When you renew or take out home insurance, make sure you tell your insurer everything you think could affect the policy, because slip-ups could be costly.
When taking out or renewing home cover, be careful when filling in the form so you avoid ‘non-disclosure.’
When you taking out an insurance policy, the law states you have to disclose “all material facts” - those which would influence whether the insurer offers cover and on what terms.
Non‐disclosure is when you fail to reveal a material fact when applying for, or renewing, insurance. An example of this is not telling your insurer about a new extension which increase the value of the property, or if you have a criminal conviction.
Another home insurance mistake to watch out for is ‘misrepresentation’. This is when you make an incorrect statement. An example is you stating that you have an advanced security system, when you only have a basic burglar alarm.
Although in many cases non-disclosure is innocent; you might simply have forgotten to tell your insurer something or think it’s not relevant; it could result in a rejected claim.
Are you telling your insurer everything?
Homeprotect chief executive, David Walker, says insurance companies are often to blame for assuming too much knowledge on behalf of their customers and not asking the right questions during the application.
He said: “We want to educate consumers so they understand the risks and implications of non-disclosure of information, which may seem trivial to them but can actually invalidate their household insurance policy leaving them exposed when it comes to crunch time.
“Most of the time people get away with it, but they should understand that their homes may be at risk if they submit inaccurate applications for household insurance.”
Examples of non-disclosure
Common areas where policy holders are likely to non-disclose without even realising include:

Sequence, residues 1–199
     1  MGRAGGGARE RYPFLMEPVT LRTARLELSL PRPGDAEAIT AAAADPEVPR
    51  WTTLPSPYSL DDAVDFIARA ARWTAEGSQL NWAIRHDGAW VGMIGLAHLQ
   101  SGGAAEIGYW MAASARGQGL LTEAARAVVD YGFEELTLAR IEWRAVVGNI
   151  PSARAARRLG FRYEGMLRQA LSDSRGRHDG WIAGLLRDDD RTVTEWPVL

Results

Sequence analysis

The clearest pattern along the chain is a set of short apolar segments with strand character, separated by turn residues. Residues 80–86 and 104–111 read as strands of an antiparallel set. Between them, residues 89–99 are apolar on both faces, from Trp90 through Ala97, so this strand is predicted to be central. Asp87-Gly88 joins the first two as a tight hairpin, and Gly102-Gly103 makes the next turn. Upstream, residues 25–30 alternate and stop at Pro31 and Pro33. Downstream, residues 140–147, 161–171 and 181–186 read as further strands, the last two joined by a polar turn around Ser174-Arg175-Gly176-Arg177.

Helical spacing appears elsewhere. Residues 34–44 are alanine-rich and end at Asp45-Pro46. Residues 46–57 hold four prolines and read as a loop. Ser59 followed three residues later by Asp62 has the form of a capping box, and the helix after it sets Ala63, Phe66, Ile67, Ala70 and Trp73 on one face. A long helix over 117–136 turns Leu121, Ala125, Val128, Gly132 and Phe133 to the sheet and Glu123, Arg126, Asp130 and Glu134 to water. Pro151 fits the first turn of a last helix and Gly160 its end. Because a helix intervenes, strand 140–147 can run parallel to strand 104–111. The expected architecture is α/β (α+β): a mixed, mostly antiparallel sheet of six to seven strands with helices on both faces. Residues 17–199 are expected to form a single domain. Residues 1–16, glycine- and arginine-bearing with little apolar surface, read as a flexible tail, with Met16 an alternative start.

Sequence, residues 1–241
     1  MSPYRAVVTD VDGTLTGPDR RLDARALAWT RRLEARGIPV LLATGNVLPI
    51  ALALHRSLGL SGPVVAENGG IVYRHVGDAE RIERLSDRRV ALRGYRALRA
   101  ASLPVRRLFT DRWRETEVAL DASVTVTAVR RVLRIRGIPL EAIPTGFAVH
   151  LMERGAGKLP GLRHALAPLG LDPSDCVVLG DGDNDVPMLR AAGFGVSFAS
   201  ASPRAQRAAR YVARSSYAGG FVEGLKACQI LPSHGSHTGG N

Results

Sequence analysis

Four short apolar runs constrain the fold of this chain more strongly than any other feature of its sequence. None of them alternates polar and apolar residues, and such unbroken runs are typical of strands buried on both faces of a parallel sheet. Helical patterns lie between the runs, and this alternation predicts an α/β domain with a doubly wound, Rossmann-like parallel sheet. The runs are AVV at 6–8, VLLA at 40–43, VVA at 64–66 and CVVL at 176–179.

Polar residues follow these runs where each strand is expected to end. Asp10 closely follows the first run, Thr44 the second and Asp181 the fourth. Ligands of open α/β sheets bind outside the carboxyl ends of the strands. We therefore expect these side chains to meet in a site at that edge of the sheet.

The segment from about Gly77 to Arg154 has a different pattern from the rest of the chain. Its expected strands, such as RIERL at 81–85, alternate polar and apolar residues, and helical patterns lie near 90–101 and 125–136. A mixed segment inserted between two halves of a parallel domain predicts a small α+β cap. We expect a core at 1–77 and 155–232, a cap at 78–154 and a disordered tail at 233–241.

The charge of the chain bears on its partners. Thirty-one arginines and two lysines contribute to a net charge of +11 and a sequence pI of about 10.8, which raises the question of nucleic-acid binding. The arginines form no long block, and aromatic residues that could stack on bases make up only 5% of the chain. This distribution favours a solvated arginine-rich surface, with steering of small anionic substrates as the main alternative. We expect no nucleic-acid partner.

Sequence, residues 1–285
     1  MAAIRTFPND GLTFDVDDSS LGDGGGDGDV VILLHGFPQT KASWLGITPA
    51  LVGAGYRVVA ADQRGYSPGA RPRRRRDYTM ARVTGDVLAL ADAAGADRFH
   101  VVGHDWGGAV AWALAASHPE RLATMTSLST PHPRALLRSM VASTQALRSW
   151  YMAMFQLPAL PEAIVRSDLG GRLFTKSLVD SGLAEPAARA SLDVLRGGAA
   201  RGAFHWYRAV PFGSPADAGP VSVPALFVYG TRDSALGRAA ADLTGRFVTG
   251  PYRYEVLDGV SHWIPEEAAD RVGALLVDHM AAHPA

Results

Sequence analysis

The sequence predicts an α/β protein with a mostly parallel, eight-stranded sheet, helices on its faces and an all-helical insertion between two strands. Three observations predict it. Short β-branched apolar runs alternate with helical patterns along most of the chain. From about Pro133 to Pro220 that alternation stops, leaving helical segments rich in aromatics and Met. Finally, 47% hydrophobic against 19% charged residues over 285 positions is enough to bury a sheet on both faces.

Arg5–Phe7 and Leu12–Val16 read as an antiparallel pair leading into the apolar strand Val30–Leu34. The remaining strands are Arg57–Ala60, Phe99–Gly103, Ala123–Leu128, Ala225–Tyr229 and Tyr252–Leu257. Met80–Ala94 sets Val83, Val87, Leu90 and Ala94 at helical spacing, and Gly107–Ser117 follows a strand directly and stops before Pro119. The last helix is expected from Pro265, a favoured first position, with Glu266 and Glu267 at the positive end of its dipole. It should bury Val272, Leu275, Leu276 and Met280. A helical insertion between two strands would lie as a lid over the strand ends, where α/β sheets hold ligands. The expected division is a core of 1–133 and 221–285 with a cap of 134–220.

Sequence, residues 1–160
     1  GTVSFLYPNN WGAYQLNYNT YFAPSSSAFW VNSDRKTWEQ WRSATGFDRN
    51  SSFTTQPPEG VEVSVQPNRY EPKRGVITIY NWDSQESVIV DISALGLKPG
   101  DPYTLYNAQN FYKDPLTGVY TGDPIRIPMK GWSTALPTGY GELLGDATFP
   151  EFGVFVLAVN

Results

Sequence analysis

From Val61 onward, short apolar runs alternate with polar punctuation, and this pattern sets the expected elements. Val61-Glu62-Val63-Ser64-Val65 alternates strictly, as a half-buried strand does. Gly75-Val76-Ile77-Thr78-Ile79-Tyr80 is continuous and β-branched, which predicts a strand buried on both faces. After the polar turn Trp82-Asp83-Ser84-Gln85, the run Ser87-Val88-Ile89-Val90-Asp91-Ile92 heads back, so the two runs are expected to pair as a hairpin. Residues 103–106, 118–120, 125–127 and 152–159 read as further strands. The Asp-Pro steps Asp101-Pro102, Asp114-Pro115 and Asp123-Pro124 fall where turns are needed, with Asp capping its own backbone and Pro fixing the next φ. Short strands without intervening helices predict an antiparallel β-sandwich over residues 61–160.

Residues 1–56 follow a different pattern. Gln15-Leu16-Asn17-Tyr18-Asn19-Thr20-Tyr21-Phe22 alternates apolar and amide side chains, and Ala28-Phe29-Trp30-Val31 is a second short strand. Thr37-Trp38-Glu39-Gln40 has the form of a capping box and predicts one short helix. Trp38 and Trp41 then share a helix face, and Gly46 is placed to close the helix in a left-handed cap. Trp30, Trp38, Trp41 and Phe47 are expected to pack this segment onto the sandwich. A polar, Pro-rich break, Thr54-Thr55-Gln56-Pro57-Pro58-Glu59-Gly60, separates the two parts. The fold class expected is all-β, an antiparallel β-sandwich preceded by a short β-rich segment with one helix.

having or taking in a tenant without informing the insurer
carrying out renovation work or adding an extension to your property without telling your insurer
not revealing that you have had insurance refused, cancelled or had special terms imposed
not disclosing that you have had a liability claim made against you
The simple message is, if in doubt inform your insurer so you have peace of mind and certainty that you’re covered. So for example, even if you change the lock type of the property or security system, then drop the insurer a call to let them know.
Walker added: “There may be instances a buyer may feel a change in circumstances is not worth mentioning to the insurer, but they should understand that whatever the situation, the risk to the customer is the same.
Their policy may no longer be valid and when it comes to making a claim, it could be reduced or refused based on the omission of the information.”
What if the information is not related to a claim?
If you were making a claim for burglary and had previously told your insurer you had smoke alarms when you didn’t, then the claim should still be approved.
Information unrelated to the claim, if it’s less serious, will often not be an issue, according to the Association of British insurers, although it warns care should be taken to get the information right.
A spokesman for the ABI said: “If an omission is not relevant to the situation of the claim, it should not affect the claim.
If someone is burgled but they don’t have a smoke alarm, this would not affect their insurance claim. A smoke alarm, unless the burglar started a fire, would not have prevented the burglary from happening and nor does it cause one."
“On the other hand, if a policy holder left their home unlocked, windows wide open and unattended, an insurer may see this as the policy holder being negligent and not taking reasonable care to protect their home, and they may not pay the claimant.”